Two months after unveiling an ambitious asteroid mining plan, billionaire-backed startup Planetary Resources decided to launch a Kickstarter campaign. "We've had so many people writing us and saying 'Hey, can we be involved in finding those asteroids?'" said co-founder Peter Diamandis in a 2012 promotional video. The Arkyd space telescope series was intended to probe for near-earth asteroids, but almost from the beginning, Planetary Resources envisioned its first models being used in some way by the public, both to democratize space exploration and to provide publicity for the nascent project. Now, almost a full year later, that Kickstarter is finally launching — and Planetary Resources' mission is lurching forward.

Planetary Resources' new project may be the definitive promotional Kickstarter. The company names Eric Schmidt and Larry Page as investors, and director James Cameron is on the board of advisors. Based on previous statements, the million dollars it's asking for in crowdfunding won't pay for a single Arkyd launch. And Diamandis has said before that the overall mission will proceed regardless of its success on Kickstarter. Instead, that million dollars will fund a public face for the telescope.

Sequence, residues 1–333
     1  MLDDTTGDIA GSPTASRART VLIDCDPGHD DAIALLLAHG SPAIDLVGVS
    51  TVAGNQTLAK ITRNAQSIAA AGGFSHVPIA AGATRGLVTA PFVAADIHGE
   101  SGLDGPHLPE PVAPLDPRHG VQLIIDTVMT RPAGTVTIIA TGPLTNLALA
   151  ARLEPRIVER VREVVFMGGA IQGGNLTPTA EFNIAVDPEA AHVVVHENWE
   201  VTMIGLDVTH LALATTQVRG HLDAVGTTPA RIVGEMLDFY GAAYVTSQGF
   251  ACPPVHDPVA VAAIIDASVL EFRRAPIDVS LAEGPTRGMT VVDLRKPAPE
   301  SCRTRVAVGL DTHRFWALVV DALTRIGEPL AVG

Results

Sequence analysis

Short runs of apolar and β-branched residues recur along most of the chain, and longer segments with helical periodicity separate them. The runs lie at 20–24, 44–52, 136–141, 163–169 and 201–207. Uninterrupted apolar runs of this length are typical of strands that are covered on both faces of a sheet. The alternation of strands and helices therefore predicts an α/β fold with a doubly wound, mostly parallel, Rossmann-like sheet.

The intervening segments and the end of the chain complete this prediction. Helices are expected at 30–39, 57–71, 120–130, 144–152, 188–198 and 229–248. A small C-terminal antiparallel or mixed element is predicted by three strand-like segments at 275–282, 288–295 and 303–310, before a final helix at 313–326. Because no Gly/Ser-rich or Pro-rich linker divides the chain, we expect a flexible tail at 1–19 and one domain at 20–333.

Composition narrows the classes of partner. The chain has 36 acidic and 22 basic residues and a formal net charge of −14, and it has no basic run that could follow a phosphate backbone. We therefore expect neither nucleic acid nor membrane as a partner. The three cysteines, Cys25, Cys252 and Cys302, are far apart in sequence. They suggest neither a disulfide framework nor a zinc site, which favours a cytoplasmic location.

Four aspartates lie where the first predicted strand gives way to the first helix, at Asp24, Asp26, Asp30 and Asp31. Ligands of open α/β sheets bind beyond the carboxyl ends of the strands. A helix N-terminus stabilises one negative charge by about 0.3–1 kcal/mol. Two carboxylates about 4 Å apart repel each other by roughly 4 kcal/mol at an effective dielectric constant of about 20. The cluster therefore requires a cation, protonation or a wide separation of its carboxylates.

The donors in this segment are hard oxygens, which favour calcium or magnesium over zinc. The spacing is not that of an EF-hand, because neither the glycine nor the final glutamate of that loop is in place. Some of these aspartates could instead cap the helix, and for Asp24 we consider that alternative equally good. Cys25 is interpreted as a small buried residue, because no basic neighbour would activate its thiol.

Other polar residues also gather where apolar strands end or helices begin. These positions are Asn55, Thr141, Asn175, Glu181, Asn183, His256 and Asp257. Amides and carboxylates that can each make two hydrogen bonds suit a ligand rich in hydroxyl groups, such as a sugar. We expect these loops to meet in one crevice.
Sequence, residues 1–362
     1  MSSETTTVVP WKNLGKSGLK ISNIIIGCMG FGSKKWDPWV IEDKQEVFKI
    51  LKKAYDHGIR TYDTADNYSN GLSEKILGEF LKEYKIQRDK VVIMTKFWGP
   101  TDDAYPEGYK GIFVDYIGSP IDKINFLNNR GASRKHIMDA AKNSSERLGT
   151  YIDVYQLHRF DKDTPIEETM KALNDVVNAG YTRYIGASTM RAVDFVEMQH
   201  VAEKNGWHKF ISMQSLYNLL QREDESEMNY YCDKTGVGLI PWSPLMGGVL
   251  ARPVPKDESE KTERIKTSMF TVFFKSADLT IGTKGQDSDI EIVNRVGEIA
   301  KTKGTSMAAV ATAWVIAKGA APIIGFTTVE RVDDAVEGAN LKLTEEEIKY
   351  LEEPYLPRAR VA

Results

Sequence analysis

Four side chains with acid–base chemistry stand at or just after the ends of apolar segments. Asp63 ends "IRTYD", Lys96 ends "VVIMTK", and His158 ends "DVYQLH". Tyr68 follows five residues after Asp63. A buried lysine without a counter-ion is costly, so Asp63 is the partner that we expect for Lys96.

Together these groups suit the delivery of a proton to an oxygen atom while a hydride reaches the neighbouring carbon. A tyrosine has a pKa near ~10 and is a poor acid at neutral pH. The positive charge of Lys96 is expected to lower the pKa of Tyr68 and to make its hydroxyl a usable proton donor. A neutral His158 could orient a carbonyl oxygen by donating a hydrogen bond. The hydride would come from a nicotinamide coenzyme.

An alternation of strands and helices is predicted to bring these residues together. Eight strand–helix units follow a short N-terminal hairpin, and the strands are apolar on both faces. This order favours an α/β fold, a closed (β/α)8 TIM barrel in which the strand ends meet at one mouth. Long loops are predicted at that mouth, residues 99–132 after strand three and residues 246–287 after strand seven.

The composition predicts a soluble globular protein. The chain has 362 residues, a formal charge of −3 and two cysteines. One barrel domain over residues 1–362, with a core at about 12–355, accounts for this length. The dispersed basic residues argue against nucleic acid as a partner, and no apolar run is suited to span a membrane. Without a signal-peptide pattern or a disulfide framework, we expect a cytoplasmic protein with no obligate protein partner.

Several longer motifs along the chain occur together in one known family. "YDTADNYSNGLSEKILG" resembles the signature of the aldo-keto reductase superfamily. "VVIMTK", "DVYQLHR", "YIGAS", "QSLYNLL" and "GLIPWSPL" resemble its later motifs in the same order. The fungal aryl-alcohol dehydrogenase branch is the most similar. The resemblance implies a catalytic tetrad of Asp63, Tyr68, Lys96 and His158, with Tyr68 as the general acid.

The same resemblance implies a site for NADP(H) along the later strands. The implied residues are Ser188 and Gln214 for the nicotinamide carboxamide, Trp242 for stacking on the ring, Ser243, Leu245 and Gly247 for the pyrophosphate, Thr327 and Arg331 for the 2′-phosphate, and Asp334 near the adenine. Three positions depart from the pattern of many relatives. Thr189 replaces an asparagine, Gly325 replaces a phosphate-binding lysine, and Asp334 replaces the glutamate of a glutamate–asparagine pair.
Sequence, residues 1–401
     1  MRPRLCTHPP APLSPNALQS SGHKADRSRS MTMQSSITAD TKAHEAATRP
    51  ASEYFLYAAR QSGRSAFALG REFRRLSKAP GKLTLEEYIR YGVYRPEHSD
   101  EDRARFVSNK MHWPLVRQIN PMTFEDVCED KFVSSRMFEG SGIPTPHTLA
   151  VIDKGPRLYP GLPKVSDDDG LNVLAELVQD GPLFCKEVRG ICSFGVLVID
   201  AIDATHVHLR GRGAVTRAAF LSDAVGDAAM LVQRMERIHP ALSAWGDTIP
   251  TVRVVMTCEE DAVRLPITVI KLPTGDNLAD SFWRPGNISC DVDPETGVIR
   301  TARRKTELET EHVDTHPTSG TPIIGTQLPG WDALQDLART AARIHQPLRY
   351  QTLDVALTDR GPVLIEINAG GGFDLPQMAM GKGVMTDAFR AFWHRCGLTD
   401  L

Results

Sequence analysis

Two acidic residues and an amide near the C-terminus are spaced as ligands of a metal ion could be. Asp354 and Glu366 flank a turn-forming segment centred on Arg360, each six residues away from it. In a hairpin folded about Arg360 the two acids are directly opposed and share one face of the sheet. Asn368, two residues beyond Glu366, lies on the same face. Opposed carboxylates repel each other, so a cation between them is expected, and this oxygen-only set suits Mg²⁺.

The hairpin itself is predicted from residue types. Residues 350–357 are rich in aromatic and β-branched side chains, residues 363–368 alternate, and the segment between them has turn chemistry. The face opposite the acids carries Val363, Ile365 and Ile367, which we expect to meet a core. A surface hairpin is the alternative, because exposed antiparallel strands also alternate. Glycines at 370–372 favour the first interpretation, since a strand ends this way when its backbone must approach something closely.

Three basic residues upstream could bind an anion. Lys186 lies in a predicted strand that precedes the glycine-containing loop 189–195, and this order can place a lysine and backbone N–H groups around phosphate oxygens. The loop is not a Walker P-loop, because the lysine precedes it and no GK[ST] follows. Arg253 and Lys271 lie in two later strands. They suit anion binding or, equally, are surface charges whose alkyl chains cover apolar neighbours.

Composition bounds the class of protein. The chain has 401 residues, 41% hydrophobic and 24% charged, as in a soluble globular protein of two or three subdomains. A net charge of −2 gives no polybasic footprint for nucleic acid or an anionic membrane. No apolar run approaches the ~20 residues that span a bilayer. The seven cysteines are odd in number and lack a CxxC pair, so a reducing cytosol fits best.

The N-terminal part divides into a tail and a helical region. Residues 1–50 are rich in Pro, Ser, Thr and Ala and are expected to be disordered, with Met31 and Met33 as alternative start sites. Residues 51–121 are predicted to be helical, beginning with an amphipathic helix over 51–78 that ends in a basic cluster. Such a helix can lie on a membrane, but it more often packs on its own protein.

An "enhanced" Arkyd telescope will be launched with a camera and screen, giving ordinary people the ability to see what's going on. Planetary Resources will also develop educational materials to go with it. Diamandis and others will explain more details on a webcast starting at 1pm ET; at 6:30pm ET, they'll be joined by Brent Spiner, better known as Star Trek's Lieutenant Commander Data.

For $25, the telescope will shoot your photo in space

If it passes the million-dollar goal, the Kickstarter will pay for extra access by museums, classrooms, or science centers, creating a space-themed curriculum that incorporates the Arkyd. Planetary Resources is also touting a series of perks for backers. At $25, it offers a "space selfie," uploading a photo of the user onto the Arkyd's screen and snapping a picture with Earth in the background. Larger pledges allow astronomers or schools to conduct observations using the telescope. The very top tiers will let backers attend the final unveiling and sign the spacecraft.

The first full-scale Arkyd prototype was unveiled in January, and the team has previously set a tentative launch date of 2014; that's now been pushed back to the second half of 2015. If the Arkyd-100 series telescopes launch successfully, they will have made the first step towards the ultimate goal of mining asteroids for water and precious metals by the early 2020s. Diamandis, like many others, has painted space exploration as a way to bring humanity into a brighter future: asteroid mining and off-world colonies are a convenient shorthand for utopian optimism. As Mars One plans a reality TV show set in a Martian colony, he's also not the only one to reach out to the public. Long-shot space startups have promised us the moon, but so far, even the best-funded have yet to take off.